Still pinching yourself and processing the fact you got into NYU Shanghai? Well, congratulations, and welcome to the Class of 2024 (in President Andy Hamilton’s voice)! 

At NYU Shanghai, all non-Chinese students are required to learn Mandarin Chinese. What’s better, you will reach proficiency by the time you graduate! While I know some of you can already follow an entire episode of Yanxi Palace or The Untamed, I want to give a special shoutout to those of you who chose NYU Shanghai as where to break new ground for yourselves. Mandarin beginners, if you’re scratching your head a little bit and don’t know where to start, I feel you. Welcome to my 5 practical tips before you start your NYU Shanghai Chinese class!

Create A Motivation List for Yourself

First, let’s be honest, studying a language is not just about fun, it comes with frustration too. To get through strenuous memorizing, repeated practice, and the assignments, quizzes, and exams in the future, you need good reasons that can remind you of why you started in the first place. This is why I believe finding your own passion for studying Mandarin is significant. No matter how many results come back in the search “why should I learn Mandarin”, only those speak to you can motivate you.

Create a motivation list of your reasons to learn Mandarin. It could be your personal development goal such as “I want to be able to run my own business in China”. Or, it can be as simple as “I want to be able to read the story of Mulan in Chinese”. Keep this list accessible. Bring it to Shanghai. Trust me, it can give you a push on a low day while studying. 

Sit in A Mandarin Chinese Class at Your High School

A real class setting can give you a basic idea of what coursework in Chinese looks like, and it can help you adapt to systematic learning. If your high school offers classes in Mandarin Chinese, lucky you! It’s time to utilize this great resource. Ask if your high school currently has a Mandarin beginner level class you can sit in. Even if you don’t sit in a class eventually, connect with the Chinese teacher at your high school. Tell them about your admission to NYU Shanghai. Tell them you’re going to learn Chinese! When you see their faces, you know you have a cheerleader in your corner.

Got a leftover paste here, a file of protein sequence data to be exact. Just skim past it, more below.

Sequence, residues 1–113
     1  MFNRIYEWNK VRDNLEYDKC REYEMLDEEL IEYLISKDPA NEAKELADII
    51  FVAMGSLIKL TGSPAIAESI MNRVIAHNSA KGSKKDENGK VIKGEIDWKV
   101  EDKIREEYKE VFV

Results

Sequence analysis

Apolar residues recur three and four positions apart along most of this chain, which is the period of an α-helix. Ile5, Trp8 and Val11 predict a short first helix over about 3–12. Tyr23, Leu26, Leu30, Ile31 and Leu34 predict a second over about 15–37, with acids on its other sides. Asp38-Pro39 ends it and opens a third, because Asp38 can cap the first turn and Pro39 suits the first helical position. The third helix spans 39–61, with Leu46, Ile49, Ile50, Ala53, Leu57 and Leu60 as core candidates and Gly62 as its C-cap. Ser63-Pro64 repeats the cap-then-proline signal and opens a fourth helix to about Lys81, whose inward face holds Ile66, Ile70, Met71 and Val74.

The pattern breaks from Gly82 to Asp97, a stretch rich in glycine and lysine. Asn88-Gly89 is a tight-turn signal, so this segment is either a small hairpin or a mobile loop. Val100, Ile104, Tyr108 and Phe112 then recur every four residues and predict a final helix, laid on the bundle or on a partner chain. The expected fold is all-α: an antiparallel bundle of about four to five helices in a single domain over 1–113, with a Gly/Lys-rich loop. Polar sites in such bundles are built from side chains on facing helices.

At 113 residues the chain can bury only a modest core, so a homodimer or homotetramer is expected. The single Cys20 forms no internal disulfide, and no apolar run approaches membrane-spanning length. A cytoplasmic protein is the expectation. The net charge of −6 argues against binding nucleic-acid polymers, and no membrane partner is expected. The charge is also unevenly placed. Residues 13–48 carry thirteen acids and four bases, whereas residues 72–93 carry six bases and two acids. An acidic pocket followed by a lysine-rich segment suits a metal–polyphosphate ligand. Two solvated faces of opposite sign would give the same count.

Talk to Another Mandarin Learner

Following the previous tip – if your high school offers Chinese classes, don’t forget that your classmates can support you, too! As seniors who have been in your shoes, they can easily understand your concerns and share with you what worked for them in the past. Moreover, by looking at how much they’ve achieved in Mandarin learning, you’ll have more confidence in yourself and what you can become.

Of course, if you can’t find anyone in your school or area, there are so many online communities about language learning for you to discover. Oh wait, aren’t you already in one of those groups? Go mingle with other newly admitted students/Mandarin learners in the Class of 2024 Facebook group

Use Online Learning Platforms

Now we’ve gone through the prep work, time to jump into the actual learning part. Compared to teaching yourself by a textbook, I strongly recommend using an APP. This is because, first, All an APP takes is a click on your smartphone to activate, but you may need much more work to get into the headspace of study. Also, the interactive task games, video clips, and crossword in an APP just make focusing and memorizing much easier.

It is not the first day of the invention of language learning APPS, so I’ll leave that to you. However, if you’re looking for great APPS specifically designed for Chinese learning, check out the MEET NYU article Five Best Apps for Learning Chinese to know more!

Find a Language Buddy

As someone who learned English as a second language, I still remember the nerves I had the first time I engaged in a conversation with a native speaker. That’s why I strongly suggest the “exposure therapy” starts sooner than later. Invite a native Mandarin speaker to be your language buddy! You can usually find them in language exchange groups online or offline, or just ask an acquaintance who speaks Mandarin Chinese. Learn authentic and trendy expressions from your language buddy. Make silly mistakes. Laugh together and just have fun with it.

So there you have it, the 5 tips that will make your Mandarin beginner actions plain sailing. 祝你好运(“Good Luck” in Chinese)!

Yan Liang is an assistant director at NYU Shanghai Undergraduate Admissions based in Shanghai, mainly working with Chinese applicants. She is passionate about sharing tales about the cities of Shanghai and New York, and supporting adventurous souls in their quest to take on global experiences here at NYU. After a few years in Seattle, she is back on the east coast of China but remains a Seahawk fan.